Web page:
Frost Damage to Soybeans

Source: Charles Hurburgh, Rebecca Vittetoe, Meaghan Anderson, Iowa State University

Figure 1. Frost-damaged soybeans with shriveled and discolored leaves. Photo courtesy of Rebecca Vittetoe.

Temperatures fell into the low 30’s and upper 20’s in most of Iowa over the weekend of October 11-13.  Because of the very late planting season, some crops were immature enough to be injured by the freezing temperatures. This ICM Blog will address frost damage concerns to soybeans.

Frost normally forms early in the morning, driven by radiation cooling especially on clear cold nights.  The visual impact of the frost damage is most evident the next day (Figure 1).

Temperatures below 32°F can damage soybean leaves, and temperatures below 30°F for an extended time periods can damage the stems, pods, and seeds. A killing freeze is considered to be 28°F for soybeans.

The severity of frost damage to soybeans depends on the following: how low the temperatures dropped, the duration of the cold temperatures, and the growth stage of the soybeans. Soybean fields with at least one mature pod on the main stem of each plant (R7 growth stage) are likely to be minimally affected by frost. Soybean plants with green pods will be more affected by frost. If the frost just damaged soybean leaves, particularly in the upper canopy, pods and seeds will continue to develop with yield minimally affected.

If the frost was more severe and damaged the stems, pods, and seed, the potential for reduced yield and quality is higher. In addition to reduced yield and quality, severely frost-damaged soybeans will dry down more slowly and be more likely to shatter at harvest. Farm moisture meters and older elevator meters will read about 1.5-2% points low until moisture and color have equalized.  The new 150 mhz meters used by many elevators are more accurate.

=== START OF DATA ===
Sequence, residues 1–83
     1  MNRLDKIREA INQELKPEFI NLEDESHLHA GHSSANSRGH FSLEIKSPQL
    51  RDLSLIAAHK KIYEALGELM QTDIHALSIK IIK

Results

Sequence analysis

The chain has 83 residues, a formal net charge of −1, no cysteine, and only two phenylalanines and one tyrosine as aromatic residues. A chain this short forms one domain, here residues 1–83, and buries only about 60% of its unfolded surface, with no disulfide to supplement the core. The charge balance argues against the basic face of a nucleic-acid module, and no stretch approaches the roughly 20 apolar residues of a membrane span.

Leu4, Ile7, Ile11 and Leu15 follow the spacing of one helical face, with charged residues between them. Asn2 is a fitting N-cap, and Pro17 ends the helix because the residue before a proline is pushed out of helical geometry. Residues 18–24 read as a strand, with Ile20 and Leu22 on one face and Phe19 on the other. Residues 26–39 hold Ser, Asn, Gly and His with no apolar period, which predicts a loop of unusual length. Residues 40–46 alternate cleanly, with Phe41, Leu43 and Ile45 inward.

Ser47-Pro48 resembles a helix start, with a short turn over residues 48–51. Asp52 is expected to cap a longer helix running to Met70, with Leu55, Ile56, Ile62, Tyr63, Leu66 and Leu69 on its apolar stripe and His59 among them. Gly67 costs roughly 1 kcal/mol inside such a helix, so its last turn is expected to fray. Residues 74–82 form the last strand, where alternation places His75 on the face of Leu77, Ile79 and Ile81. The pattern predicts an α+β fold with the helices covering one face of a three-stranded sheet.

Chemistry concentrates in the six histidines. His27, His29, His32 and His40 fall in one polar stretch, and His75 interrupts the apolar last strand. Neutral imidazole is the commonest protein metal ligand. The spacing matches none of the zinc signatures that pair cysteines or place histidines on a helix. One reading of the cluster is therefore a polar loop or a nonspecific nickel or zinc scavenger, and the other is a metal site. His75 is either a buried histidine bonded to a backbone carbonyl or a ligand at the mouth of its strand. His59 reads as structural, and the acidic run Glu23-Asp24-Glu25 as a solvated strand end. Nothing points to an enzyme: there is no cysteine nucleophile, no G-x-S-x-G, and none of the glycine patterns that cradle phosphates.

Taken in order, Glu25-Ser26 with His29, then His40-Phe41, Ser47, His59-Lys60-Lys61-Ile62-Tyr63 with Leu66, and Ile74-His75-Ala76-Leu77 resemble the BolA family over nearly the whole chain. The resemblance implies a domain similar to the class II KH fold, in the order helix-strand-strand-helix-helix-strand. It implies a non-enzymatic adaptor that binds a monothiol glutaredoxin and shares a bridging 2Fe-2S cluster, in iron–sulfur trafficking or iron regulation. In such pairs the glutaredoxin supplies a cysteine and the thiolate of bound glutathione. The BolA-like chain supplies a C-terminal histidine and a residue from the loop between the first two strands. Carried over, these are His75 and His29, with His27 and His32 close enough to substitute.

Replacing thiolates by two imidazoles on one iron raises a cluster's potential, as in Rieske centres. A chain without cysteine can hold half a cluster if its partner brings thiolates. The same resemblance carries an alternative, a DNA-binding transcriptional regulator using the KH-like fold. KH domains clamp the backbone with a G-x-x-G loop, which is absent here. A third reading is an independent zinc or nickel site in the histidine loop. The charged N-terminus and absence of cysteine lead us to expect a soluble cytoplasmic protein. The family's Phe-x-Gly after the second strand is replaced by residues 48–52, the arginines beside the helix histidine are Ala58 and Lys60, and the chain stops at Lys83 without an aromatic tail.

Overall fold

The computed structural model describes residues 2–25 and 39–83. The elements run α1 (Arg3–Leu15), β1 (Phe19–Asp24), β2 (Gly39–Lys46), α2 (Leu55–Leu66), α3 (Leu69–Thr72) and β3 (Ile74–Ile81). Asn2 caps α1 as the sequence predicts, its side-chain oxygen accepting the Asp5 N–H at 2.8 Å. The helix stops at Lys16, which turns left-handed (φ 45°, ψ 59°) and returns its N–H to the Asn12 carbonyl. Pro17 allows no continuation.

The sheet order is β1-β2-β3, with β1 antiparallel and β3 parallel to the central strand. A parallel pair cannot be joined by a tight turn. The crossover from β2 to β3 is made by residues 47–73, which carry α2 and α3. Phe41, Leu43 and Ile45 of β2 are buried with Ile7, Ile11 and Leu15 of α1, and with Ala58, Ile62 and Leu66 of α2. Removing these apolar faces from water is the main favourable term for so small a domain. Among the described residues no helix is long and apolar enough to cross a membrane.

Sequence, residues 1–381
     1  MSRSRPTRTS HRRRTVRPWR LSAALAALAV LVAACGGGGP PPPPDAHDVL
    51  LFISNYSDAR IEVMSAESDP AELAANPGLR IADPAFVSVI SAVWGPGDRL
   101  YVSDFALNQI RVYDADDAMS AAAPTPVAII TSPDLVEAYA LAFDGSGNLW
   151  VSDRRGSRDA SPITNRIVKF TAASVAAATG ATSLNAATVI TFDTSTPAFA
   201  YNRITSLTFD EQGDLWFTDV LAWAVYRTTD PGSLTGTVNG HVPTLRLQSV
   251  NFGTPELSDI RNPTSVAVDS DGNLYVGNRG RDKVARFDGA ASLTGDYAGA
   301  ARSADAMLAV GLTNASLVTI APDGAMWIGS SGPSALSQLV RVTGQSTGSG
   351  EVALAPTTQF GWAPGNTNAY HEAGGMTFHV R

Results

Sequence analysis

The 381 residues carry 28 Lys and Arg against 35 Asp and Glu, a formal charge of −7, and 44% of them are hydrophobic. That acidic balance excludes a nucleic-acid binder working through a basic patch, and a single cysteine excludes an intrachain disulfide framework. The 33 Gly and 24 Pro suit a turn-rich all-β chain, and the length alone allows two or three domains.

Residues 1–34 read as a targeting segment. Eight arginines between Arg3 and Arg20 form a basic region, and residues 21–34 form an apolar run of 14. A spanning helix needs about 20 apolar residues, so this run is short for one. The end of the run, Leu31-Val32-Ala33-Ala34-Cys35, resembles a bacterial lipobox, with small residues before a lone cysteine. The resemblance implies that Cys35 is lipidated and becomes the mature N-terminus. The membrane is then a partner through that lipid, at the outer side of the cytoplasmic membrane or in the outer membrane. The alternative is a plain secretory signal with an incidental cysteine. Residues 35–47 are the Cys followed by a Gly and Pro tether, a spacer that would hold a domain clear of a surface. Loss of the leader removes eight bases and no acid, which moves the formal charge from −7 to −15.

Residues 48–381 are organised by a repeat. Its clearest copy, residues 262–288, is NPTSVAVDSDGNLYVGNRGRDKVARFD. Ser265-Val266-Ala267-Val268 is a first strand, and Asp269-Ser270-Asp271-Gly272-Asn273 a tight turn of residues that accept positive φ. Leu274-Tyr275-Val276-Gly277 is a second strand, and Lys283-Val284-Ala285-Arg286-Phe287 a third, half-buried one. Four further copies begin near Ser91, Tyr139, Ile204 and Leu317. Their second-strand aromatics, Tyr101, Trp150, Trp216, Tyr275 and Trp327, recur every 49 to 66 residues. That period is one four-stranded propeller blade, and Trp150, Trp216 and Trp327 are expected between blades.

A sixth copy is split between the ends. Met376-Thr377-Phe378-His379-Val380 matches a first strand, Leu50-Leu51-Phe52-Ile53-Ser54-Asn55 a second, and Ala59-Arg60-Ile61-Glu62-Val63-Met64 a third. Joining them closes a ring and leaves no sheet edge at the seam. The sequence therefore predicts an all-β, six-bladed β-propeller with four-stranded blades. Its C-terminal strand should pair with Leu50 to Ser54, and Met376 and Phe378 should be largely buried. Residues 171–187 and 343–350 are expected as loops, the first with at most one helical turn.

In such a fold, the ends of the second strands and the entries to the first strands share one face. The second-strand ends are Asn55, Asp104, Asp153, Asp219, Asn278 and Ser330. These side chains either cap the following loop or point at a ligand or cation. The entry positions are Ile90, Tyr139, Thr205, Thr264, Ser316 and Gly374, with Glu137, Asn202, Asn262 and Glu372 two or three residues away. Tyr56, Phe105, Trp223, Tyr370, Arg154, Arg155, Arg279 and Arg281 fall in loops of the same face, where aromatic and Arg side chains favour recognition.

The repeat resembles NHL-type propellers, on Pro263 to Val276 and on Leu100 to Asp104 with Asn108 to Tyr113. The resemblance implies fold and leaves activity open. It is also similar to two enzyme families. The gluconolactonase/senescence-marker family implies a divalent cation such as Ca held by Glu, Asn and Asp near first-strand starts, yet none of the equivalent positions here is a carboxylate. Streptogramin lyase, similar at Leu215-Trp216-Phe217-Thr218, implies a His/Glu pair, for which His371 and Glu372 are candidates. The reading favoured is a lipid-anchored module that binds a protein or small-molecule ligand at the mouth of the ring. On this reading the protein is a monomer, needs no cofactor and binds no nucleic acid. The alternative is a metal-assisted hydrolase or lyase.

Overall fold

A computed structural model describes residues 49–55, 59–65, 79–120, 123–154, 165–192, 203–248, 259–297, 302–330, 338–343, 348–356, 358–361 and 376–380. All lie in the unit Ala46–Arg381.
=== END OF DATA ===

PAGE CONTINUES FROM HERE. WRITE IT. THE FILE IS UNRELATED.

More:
Handling frost-damaged soybeans


If you do have frost damage to your soybeans, it is suggested to not sell the soybeans immediately as this is when the soybeans will have the most grain discoloration and the highest moisture. They will appear worse than they will end up after aeration.   Instead, if you do harvest the field shortly after a frost, it is recommended to put the soybeans in an aerated bin. With air and drying, the green discoloration will subside somewhat over time.

Grain grading of frost-damaged soybeans
Green damage (frost) is an Official damage category in the USDA Grades. Green color will result in price discounts, however, greenness must be fairly intense and comprehensive to be classed as damage.  Figure 2 is the USDA statement and example color photo of frost damage.

Processors will be concerned about green soybeans because of the likely lower oil yield and the need to remove the green color from the oil by more intensive refining. While some processors use Official Federal graders, there will likely be problems in grading as local markets may call anything somewhat green “damage”. Federal graders are trained in color differentiation. Five samples or more, with varying degrees of greenness, can be taken to an Official Federal grader to “calibrate”  house grading.  A list of Official grading agencies in Iowa is available online (linked).

Further information is available in the Iowa State University Extension and Outreach publication “Frost Damage to Corn and Soybeans” (PM 1635).

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